The first layoff is tough. After bending over backward, after being a loyal employee, this is the reward? To summarize how I felt: Disillusioned. Only one thing kept me going -- pure ego. You know when the schoolyard bully says something about your mom in front of everyone? But, ignoring the size difference and the fact that he's already shaving daily at age 14, you step forward and say "Oh yeah?", with a Brock Sampson-like eye twitch the only warning of the impending ownage? That's the kind of ego that kept me determined to give software engineering a second shot.

Over the course of the previous year, my friends quickly learned I liked to talk about work less and less. When I did open up about it, they were astounded by, well, let's say various factors of the work environment. Each and every time it was discussed with my peers in the field, time and time they gave me the same advice: Get out.

I have to say, they were totally right.

All the signs were there, but I blazed on, telling myself that this was just a rough patch for the company, and that we'd pull out of this tailspin in time to land safely at our destination. I was ignoring the pilots screaming "Mayday, Mayday".

Now, while I was blind to obvious signs that it was time to leave, doesn't mean that you have to be. I would like to present the 4 signs that you should leave your workplace (for software engineers):

1 It's the environment, stupid!

In the University of Pittsburgh's Computer Engineering program, there is a mandatory department seminar, where the department informs us about our career options. Oftentimes, alumni come back to speak about the career opportunities in their field. It's all very, very dry, and as a result, nobody listens. They also fail to give one piece of advice that I would at the first seminar of every year, if I was ever asked to give one:

Don't work in cubicles, ever. Working in cubicles is the sure sign that you're not working for a successful company. Imagine the smartest person you know, working in your field. Now imagine how they would react if they were told they're going to work in a box with no door or roof, allowing them no privacy.

They would no doubt leave that organization for one that is less creatively stifling. So unless you are convinced that you're stupid (and, in that case, you're in the wrong field) you shouldn't be accepting cubicles in your work place either. If the company will not or can not spend the money to create offices for its knowledge workers, so they can get into the zone, the odds of it creating a successful software product and capitalizing on it are about the same as you becoming a millionaire by going to Las Vegas, betting fifty on black, and letting it ride all night.

Cubicles do not automatically make an employee stupid; but it is one more barrier for you to climb over before you can create your own space to think. At my last workplace, the noise traveled. Everyone could hear everyone. An intern with nothing to do bullshitting with your boss, a co-worker venting about how he's not paid enough, the busybody secretary ordering people around with no authority. Not one single employee liked the set up, but without management's understanding, naturally nothing was done.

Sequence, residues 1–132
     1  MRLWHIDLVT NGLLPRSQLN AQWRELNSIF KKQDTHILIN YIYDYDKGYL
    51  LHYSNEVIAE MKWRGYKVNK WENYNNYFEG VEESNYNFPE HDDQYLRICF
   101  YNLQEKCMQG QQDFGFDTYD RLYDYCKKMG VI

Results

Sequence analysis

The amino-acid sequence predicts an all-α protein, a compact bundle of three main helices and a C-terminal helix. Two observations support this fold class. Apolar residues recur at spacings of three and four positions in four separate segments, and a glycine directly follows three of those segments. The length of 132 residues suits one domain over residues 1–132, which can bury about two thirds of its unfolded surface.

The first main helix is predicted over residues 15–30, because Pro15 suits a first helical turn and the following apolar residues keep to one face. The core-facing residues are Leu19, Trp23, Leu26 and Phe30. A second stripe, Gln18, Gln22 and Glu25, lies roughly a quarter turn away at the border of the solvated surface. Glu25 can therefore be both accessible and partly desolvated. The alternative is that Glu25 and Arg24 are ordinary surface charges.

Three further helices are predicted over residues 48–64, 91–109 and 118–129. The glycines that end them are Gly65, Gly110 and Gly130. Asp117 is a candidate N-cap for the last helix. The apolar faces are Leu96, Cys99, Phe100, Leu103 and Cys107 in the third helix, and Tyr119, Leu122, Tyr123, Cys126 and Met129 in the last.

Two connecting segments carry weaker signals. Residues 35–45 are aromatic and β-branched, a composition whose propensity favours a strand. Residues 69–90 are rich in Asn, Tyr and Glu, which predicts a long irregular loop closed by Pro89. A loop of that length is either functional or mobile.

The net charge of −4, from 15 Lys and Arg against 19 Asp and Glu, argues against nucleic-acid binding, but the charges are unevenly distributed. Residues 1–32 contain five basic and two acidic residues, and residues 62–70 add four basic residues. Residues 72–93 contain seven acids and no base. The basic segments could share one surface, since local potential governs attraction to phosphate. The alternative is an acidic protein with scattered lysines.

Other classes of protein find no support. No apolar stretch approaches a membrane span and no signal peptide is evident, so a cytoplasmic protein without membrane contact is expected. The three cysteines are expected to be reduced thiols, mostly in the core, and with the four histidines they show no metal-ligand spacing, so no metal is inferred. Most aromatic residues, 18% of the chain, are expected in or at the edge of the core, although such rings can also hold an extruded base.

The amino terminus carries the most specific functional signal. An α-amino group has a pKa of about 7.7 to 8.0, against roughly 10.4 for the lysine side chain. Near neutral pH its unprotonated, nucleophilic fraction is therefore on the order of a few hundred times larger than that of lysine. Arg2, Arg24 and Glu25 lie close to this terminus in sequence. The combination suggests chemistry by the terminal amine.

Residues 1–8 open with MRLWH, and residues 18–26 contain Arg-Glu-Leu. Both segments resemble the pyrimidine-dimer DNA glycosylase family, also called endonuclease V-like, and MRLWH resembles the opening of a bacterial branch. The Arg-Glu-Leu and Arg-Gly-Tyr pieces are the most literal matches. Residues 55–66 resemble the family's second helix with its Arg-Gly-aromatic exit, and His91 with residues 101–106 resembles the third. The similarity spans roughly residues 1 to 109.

And for those management types who live in the dead end of corporate culture, if you don't believe noise is a big detriment to your productivity, just buy an electric drill or vacuum cleaner. Turn it on and let it run. Put it as close to your ear as humanly possible, and try to get work done.

It sounds like such a small thing to critical about, but like so many things in life, little things turn out to be extremely crucial. Little things snowball into bigger things. If people can't relax in their workplace, dealing with them becomes difficult, which creates friction where none should exist. That friction could destroy the delicate cohesion every team needs to maintain to produce software. So if you find that getting ready for work in the morning is a larger effort then getting ready to go out on a Friday night, maybe you should talk to your boss about making your workplace more accepting, or find a new one.

2 Just How Dumb is Management, Anyway?

Engineering n-tier enterprise level software is like navigating a minefield. There are countless potential disasters just waiting to happen. From creeping requirements to budgetary nightmares to horribly incorrect estimates, oftentimes it is not technical ability that makes or breaks a product; it is how all the other chainsaws are juggled. Your project is as dependent on the know how of your manager as it is your technical ability.

Since the inception of the term, software engineering, people have acknowledged that it is inherently hard to manage software projects. It is exponentially harder to have a superior that actually understands this, and is capable of both properly delegating and managing the complexity. Here are three major mistakes to look for in your manager. Take any of these as a sign that it is time to have that interview suit dry cleaned.

A. Thinks they know too much:

        Is your superior an old hand, who's worked his way up from the trenches, but hasn't kept up with the pace of technology? Does he base his assumptions of how you should be doing things based off the way that he did things? So while you try to explain that the create_user_account module should call a stored procedure in the database to minimize the chance of SQL injection, he's showing you how easy it was to create a form in Access97. Questioning the methodology at work will often result with a "this is how we did it in the old days, and I don't see anything wrong with that!" New technology isn't likely to be adopted at its full potential in a workplace with a manager like this. Instead, you will end up grinding the same gears, only faster, louder, and harder.